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Market Analysis

Friday, October 4, 2019

   The KC wheat contract price traded above $4.10 for two days which sent a false signal that the $4.10 resistance price level had been broken. With market chatter about France underpricing the Black Sea exporters for another cargo of wheat to Egypt and the Black Sea Exporter's bid being below U.S. hard red winter prices, KC wheat contract price went back below $4.10. Resistance is at $4.10 and about $4.15.

   Argentina is projected to harvest a record wheat crop. However, continued dry conditions may reduce Argentina's wheat production. Excess rain in North Dakota and Canada is reported to be lowering both quality and quantity of hard red spring wheat. Both of these events could result in higher prices. The problem is projected world wheat production and ending stocks. Good news is that the world and U.S. wheat stocks-to-use ratio is projected to decline.

   France under-bid Russia for wheat sold to Egypt. The reported FOB (on board vessel) wheat price was $194.64/mt ($5.30/bu) and $211.98/mt ($5.77/bu) C&F (costs and freight). The equivalent FOB soft red wheat price out of New Orleans would be about $4.95. The current New Orleans SRW wheat price is $5.36. Every bushel that Russia doesn't sell to Egypt, indicates another bushel for sale to other importers that may be U.S. hard red winter wheat customers. Another report indicated that Argentina will harvest a record wheat crop. Argentina is a direct U.S. wheat export competitor.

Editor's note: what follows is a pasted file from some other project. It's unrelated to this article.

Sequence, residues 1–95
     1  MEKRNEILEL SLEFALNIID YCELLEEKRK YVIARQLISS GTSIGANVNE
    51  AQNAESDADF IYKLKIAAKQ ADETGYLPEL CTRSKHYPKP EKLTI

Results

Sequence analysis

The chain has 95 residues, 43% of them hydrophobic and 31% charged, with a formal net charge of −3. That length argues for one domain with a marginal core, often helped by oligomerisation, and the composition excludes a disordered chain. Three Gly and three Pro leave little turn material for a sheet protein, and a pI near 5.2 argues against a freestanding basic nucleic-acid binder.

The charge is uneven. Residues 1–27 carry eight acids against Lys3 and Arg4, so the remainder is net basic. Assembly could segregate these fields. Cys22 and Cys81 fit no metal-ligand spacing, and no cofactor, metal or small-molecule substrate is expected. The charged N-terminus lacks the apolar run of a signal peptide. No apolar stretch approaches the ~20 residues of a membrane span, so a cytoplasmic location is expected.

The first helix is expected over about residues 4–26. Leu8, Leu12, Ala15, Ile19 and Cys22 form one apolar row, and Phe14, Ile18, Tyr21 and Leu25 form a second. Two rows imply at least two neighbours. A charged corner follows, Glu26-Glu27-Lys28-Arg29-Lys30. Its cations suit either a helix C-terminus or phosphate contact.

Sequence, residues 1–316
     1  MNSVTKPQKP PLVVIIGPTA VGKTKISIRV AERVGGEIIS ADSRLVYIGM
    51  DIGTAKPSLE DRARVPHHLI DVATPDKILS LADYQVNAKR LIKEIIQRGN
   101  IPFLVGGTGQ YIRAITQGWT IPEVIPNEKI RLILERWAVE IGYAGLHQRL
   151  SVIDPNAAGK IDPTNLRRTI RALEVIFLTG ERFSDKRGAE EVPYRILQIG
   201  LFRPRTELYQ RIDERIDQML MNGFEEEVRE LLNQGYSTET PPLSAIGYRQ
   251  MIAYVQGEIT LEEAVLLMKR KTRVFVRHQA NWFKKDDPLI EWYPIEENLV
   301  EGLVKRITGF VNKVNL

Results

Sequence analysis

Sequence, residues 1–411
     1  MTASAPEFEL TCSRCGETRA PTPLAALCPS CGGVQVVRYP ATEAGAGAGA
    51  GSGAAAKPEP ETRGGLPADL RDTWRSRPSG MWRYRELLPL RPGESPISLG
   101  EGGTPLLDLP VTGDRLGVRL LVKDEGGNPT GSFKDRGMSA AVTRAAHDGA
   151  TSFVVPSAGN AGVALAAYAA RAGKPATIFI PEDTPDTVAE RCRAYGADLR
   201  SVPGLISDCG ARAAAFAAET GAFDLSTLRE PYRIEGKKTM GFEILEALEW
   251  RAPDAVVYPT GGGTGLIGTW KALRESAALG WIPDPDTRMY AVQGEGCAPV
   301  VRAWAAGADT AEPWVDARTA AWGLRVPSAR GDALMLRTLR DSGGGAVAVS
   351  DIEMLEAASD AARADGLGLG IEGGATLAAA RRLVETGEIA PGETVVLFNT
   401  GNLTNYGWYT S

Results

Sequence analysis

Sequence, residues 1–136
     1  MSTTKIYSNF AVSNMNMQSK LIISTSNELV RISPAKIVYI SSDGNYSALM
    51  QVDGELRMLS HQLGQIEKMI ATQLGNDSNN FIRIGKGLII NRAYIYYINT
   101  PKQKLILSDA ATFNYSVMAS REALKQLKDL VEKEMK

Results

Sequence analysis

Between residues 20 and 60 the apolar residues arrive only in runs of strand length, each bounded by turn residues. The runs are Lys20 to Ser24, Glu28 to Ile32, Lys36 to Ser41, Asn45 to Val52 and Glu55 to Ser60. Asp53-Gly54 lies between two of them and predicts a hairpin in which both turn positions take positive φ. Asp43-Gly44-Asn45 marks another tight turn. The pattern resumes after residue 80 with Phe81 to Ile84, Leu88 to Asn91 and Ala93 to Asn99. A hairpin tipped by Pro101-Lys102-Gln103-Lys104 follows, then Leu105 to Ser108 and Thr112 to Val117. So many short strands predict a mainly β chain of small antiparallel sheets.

With potentially higher Russia and Argentine wheat production and projected record world wheat production and ending stocks, and with relatively high corn production, the odds of significantly higher wheat prices are relatively small.

Risk Management Strategies

Friday, October 4, 2019

   Ten out of the last 11 years, wheat should have been sold before September 30. If producers want to stay in the wheat market, consider selling wheat and buying March 420 call option contracts.

Kim's Soap Box: Is there a way to "beat the system?"

   Date updated: Friday, April 10, 2009 (archives)

   There just has to be a way to know when to sell wheat and when to store it. In reviewing some old files, I found a one-page guide on how to determine which marketing strategy to use at harvest. The strategies included sell cash, hedge, store, and option strategies. The signals were if the basis and/or the KCBT Dec futures price were above or below normal. I collected cash prices, basis and futures prices from 1970 to present and evaluated the signals. The result was that the basis is a relatively good indicator if a storage hedge will work. The futures price was useless as a signal.

   The research is not complete, but my expected conclusion has been published by Carl Zulauf (Ohio State University) and Scott Irwin (University of Illinois), "With few exceptions, the field crop producers who survive will be those who have the lowest cost of production because efforts to improve revenue through better marketing of the commodity produced will meet with limited success over time."..."A good marketing program starts with a good program for managing and controlling the cost of production."